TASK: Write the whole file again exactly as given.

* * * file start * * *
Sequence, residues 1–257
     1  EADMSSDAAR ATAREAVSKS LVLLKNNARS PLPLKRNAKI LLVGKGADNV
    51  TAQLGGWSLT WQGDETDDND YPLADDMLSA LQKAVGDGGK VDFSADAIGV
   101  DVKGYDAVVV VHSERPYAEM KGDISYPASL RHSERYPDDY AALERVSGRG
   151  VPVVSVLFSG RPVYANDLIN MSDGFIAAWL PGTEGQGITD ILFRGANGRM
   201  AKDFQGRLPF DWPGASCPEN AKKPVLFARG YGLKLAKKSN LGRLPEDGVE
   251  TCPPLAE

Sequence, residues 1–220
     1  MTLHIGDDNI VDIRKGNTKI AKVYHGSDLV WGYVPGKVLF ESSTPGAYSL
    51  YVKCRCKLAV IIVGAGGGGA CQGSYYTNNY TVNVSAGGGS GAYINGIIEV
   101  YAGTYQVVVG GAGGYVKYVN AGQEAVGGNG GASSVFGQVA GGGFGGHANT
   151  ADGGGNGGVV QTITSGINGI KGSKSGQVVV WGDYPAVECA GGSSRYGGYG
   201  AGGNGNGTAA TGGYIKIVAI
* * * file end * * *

Sequence, residues 1–257
     1  EADMSSDAAR ATAREAVSKS LVLLKNNARS PLPLKRNAKI LLVGKGADNV
    51  TAQLGGWSLT WQGDETDDND YPLADDMLSA LQKAVGDGGK VDFSADAIGV
   101  DVKGYDAVVV VHSERPYAEM KGDISYPASL RHSERYPDDY AALERVSGRG
   151  VPVVSVLFSG RPVYANDLIN MSDGFIAAWL PGTEGQGITD ILFRGANGRM
   201  AKDFQGRLPF DWPGASCPEN AKKPVLFARG YGLKLAKKSN LGRLPEDGVE
   251  TCPPLAE

Sequence, residues 1–220
     1  MTLHIGDDNI VDIRKGNTKI AKVYHGSDLV WGYVPGKVLF ESSTPGAYSL
    51  YVKCRCKLAV IIVGAGGGGA CQGSYYTNNY TVNVSAGGGS GAYINGIIEV
   101  YAGTYQVVVG GAGGYVKYVN AGQEAVGGNG GASSVFGQVA GGGFGGHANT
   151  ADGGGNGGVV QTITSGINGI KGSKSGQVVV WGDYPAVECA GGSSRYGGYG
   201  AGGNGNGTAA TGGYIKIVAI